“I should like to see any power of the world destroy this race, this small tribe of unimportant people, whose wars have all been fought and lost, whose structures have crumbled, literature is unread, music is unheard, and prayers are no more answered. Go ahead, destroy Armenia . See if you can do it. Send them into the desert without bread or water. Burn their homes and churches. Then see if they will not laugh, sing and pray again. For when two of them meet anywhere in the world, see if they will not create a New Armenia.”
― William Saroyan
„So, what did you do during the day?” asked one of my local friends when we caught up for a beer in the evening. “You know”, I said, “I missed home so I went to Bourj Hammoud”. He laughed and so did I.
No, Beirut doesn’t have a Polish neighbourhood.
Bourj Hammoud is, as you might have already guessed, an Armenian quarter. It was founded by survivors of the Armenian Genocide of 1915 and expanded mostly during the 1930s. Yes, you hear me right. The houses, churches, schools, and theatres that stand there to this day, the whole densely populated, bustling neighbourhood was created by starving, exhausted Armenians who survived the death marches from their homes in Anatolia and perhaps the terrors of Der Zor camps. They could be starving, sick, exhausted, and grieving, but that wasn’t all. More importantly, more than anything, they were occupied with surviving. Survival didn’t only mean bare existence. For many Armenians that wounded up in Bourj Hammoud survival meant success.
Back in 1915, today’s Bourj Hammoud was nothing more than swamps and marshy lands barely touched by a human hand. Today it’s a vibrant neighbourhood, aware of its history, living in the present, and ready for its future.
I have several Armenian friends in Lebanon. Almost all of them are grandchildren or great grandchildren of the people who survived death marches. I could ask one of them to come with me, to show me around. Yet everything I wanted was to go alone. I walked all the way from downtown, crossed a bridge on the Beirut River and there I was. I had a map but I quickly figured out it was completely useless in a labyrinth of narrow streets with hardly any street signs. Anyway, I wasn’t looking for anything specific. Armenianess was what I wanted to find and it was everywhere, winking at me.
I was in Little Armenia. This Armenia I entered while crossing the bridge on the Beirut River was nothing like the Armenia where I live. There were the same flags everywhere, and the same symbols, but it felt different. Most of the food in restaurants was somewhat new to me. I could hardly make any sense of the language Armenians around me spoke. The history behind the land and the people was not the one that shaped Yerevan. There were memories of the Genocide everywhere, nostalgic chants of the lost Homeland, and thrilling stories of bloodshed that followed the collapse of the Ottoman Empire.
Was it a new land to me? Yes, but I instantly felt home there. I knew some of the foods from few Western Armenian restaurants that have recently been opened in Yerevan by Syrian and Lebanese Armenian repatriates. I hear Western Armenian here and there because this is what most of my Diaspora Armenian friends claim to be their first language. It’s different that the one I’m struggling to learn but it is somehow mine, too. It’s a language of close friends. And for the history, I’ve maybe never felt it, I’ve never come to be so close to it as I was in Bourj Hammoud, but the Genocide stories are heard and remembered in Yerevan, too. Both places share this dark past, just one corner feels closer to it than another.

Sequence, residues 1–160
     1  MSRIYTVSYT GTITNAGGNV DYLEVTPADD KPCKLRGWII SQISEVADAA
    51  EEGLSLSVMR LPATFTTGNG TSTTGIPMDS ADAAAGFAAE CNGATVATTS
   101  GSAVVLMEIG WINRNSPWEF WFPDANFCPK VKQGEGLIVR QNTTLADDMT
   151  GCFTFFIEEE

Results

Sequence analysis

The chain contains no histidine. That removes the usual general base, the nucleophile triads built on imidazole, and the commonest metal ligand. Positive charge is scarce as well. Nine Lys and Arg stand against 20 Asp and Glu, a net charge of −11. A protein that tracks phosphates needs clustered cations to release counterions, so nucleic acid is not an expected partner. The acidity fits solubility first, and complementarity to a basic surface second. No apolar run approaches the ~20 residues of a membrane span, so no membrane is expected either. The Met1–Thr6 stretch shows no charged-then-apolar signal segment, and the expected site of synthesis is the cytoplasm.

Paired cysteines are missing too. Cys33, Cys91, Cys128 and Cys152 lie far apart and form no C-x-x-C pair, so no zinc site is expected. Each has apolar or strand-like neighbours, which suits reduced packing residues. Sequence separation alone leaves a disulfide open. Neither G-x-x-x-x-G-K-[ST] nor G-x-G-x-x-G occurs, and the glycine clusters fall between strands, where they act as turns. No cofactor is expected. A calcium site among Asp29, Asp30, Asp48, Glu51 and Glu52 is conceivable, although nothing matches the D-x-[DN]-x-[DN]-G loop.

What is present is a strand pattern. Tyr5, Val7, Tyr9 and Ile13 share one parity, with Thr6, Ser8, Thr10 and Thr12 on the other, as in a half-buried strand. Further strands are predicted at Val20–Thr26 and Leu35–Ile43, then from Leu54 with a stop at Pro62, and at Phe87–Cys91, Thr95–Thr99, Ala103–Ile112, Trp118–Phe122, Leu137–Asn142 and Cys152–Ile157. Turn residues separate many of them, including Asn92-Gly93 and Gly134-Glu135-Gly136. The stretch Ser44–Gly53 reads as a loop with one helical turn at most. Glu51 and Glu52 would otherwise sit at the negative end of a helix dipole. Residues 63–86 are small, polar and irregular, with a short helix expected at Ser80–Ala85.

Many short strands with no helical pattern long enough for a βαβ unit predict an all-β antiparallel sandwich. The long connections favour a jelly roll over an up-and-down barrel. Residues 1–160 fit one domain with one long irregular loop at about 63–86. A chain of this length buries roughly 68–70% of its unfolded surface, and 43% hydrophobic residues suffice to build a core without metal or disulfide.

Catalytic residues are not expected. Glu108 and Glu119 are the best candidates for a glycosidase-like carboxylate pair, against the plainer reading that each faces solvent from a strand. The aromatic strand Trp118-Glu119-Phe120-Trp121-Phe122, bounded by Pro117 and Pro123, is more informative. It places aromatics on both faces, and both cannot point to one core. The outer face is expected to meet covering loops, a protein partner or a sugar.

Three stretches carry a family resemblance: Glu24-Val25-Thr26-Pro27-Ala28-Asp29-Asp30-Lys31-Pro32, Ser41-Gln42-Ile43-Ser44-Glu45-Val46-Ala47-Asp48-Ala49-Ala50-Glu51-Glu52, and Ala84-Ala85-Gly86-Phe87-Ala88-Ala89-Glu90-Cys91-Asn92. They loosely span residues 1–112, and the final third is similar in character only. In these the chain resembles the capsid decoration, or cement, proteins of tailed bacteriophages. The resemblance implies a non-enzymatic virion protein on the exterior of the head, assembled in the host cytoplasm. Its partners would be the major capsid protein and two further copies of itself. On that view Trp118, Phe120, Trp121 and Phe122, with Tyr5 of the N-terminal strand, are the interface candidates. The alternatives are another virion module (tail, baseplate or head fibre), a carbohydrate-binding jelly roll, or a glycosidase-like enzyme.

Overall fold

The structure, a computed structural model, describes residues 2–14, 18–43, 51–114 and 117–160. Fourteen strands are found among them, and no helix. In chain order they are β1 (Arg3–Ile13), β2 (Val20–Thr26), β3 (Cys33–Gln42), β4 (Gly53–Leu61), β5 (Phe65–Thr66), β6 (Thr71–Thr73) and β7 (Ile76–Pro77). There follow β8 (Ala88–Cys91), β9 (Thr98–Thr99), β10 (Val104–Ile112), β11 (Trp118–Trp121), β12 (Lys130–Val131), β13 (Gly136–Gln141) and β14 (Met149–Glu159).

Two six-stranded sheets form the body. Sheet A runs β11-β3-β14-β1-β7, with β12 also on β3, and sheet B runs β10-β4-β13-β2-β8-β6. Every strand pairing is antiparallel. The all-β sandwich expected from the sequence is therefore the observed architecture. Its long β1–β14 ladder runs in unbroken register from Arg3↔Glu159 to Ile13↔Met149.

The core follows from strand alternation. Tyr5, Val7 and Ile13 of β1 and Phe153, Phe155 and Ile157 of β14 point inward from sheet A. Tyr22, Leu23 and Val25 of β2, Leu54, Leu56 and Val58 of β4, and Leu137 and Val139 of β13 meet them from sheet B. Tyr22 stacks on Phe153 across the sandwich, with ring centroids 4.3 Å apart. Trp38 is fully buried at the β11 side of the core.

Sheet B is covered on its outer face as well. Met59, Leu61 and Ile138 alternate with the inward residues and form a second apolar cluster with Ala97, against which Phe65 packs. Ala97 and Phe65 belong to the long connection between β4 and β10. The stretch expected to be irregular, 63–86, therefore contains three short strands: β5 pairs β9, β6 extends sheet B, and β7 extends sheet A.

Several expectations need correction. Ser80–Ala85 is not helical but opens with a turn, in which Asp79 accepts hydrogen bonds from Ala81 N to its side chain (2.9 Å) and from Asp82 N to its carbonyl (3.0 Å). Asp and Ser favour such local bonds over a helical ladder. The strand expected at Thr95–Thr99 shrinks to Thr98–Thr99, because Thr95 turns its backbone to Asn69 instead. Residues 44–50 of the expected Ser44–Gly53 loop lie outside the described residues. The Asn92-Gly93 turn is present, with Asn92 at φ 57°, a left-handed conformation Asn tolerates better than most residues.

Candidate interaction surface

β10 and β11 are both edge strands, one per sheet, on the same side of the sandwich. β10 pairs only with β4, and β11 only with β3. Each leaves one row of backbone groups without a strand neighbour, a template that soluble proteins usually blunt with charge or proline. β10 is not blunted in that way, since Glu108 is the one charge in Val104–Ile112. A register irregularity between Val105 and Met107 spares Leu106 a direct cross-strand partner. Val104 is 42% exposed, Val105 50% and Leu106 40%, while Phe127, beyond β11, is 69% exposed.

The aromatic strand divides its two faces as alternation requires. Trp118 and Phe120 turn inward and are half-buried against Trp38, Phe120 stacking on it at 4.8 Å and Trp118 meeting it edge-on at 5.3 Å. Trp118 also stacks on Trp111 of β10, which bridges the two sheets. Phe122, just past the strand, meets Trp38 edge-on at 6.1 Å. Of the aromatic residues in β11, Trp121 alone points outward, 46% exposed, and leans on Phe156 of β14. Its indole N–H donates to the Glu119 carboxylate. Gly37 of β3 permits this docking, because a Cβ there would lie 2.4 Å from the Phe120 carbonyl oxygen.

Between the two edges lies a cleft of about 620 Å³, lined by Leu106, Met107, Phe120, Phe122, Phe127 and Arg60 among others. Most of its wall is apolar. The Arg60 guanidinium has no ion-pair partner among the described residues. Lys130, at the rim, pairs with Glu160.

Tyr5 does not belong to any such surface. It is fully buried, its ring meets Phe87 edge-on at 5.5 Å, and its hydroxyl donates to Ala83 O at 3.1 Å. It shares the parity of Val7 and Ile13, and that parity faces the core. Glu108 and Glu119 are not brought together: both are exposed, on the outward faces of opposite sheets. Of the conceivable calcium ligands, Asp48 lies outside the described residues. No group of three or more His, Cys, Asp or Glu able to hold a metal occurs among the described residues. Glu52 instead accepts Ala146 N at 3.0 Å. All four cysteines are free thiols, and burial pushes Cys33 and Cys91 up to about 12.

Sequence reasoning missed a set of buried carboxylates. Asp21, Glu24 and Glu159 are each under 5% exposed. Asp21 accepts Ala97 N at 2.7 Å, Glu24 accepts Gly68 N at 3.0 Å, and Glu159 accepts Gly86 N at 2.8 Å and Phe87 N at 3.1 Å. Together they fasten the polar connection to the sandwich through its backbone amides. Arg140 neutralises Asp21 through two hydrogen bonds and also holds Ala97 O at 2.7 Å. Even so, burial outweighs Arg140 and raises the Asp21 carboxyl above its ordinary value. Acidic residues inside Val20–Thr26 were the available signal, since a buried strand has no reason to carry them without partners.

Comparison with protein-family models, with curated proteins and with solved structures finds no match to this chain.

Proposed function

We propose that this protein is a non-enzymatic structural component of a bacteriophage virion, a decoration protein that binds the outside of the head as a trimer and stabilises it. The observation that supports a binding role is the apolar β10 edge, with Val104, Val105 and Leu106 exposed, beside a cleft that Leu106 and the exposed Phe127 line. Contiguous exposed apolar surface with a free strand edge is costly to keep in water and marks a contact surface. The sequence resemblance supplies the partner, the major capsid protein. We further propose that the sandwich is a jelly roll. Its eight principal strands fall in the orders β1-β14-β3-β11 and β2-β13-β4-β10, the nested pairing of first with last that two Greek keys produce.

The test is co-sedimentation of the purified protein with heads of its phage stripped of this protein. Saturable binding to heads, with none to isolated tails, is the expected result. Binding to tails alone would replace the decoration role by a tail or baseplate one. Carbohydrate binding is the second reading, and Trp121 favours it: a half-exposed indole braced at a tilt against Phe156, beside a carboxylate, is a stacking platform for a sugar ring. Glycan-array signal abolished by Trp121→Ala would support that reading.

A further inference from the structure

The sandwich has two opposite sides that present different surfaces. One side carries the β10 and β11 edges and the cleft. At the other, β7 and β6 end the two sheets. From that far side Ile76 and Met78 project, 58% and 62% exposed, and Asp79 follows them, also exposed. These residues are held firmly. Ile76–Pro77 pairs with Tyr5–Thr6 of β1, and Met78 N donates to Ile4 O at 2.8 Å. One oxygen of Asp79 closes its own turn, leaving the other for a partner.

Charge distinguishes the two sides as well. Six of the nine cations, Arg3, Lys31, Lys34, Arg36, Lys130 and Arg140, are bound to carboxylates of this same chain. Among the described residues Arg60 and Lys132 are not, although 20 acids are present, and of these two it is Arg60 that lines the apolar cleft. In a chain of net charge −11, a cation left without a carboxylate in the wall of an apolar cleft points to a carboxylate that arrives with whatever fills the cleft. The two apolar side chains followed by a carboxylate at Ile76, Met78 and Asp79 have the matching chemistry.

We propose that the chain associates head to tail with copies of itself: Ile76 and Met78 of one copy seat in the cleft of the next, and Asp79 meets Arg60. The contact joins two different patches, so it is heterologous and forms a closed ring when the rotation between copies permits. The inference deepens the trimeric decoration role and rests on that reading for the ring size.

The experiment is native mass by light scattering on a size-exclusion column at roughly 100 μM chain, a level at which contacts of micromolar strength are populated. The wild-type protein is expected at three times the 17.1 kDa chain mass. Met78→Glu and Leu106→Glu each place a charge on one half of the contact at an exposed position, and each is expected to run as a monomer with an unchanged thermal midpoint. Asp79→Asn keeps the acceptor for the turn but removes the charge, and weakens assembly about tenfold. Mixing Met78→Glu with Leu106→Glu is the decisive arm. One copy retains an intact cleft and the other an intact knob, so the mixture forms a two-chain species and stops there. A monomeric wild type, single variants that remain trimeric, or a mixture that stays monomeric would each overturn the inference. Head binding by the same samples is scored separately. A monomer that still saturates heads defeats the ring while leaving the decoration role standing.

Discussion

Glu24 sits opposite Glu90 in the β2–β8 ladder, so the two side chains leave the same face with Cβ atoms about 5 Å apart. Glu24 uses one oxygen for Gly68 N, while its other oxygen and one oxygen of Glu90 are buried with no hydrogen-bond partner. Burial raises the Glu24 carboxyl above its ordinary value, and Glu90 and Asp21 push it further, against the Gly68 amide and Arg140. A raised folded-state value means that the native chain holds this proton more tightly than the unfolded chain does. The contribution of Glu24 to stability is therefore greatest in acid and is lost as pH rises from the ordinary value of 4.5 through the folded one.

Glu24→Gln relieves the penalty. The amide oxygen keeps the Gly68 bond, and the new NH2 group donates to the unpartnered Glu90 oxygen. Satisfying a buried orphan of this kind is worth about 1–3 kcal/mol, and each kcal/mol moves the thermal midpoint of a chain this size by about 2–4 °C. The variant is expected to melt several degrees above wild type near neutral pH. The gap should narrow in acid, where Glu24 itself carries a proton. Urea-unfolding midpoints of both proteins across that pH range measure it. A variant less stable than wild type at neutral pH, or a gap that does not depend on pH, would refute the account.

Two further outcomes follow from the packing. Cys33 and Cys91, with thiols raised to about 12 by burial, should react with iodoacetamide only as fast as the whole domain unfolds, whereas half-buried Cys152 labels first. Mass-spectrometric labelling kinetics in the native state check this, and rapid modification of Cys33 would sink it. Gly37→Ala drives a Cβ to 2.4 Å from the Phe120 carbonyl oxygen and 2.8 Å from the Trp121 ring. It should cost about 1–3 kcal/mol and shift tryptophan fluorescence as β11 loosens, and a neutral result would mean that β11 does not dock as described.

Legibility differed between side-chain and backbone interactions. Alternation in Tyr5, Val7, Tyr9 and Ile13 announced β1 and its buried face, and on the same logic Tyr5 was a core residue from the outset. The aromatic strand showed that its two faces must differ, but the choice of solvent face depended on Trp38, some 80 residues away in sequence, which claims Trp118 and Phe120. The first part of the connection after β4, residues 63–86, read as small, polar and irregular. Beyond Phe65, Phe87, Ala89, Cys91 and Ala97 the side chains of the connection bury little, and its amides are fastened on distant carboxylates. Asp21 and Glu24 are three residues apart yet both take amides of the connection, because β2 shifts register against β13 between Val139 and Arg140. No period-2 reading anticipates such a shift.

I was dying to see this different Armenia. I have a bucket list of Armenian neigbourhoods around the world to explore in the future in my foolish quest to understand the nation I live with. Why have I called it foolish?
Because it’s a quest of a single rule. The more I know, the more questions I have.
I didn’t know much about the Diaspora, the Armenian history and the Armenian identity when I moved to Yerevan. Then, out of sudden, it’s come to be one of my deepest fascinations.
My afternoon stroll in Bourj Hammoud couldn’t answer any questions. I didn’t even want it to. It was a purely emotional experience. I’ve read tons of memorials written by Genocide survivors, dozens of history books, and numerous novels based on the massacres of 1915. My attention was drawn to the past, to the pain, to the loss, to the unthinkable. Walking around the dusty streets of Bourj Hammoud has brought me back to the present, to the living. Some Armenians there have very successful businesses. All of them teach Western Armenian to their kids. They keep their customs and religion. Armenianess is flourishing just few miles from the the very places where it was left to die a hundred years ago. And it moved me. I knew it all before coming to this place, but it moved me anyway.
I kept taking photos of random streets and their flags while I noticed a little boy standing in a doorway. He kept staring at me, a little sheepishly, so I smiled at him. It encouraged him to start a conversation. He only asked me one question. He wanted to know if I was Armenian.
I get his logic. Who else would spend a sunny afternoon taking photos of flags along a dusty street of an Armenian neighbourhood in Beirut?
I didn’t want to make him disappointed, so I said I was.
I believe I was. In a very vague sense which I have yet to define, I feel Armenian.